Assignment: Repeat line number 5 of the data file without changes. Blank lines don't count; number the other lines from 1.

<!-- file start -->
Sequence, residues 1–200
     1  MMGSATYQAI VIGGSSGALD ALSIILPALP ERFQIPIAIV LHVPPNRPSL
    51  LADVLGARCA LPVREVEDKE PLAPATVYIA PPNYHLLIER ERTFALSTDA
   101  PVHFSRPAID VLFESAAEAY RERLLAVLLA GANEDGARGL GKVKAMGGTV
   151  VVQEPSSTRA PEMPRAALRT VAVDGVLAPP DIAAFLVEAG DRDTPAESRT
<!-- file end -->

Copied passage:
   151  VVQEPSSTRA PEMPRAALRT VAVDGVLAPP DIAAFLVEAG DRDTPAESRT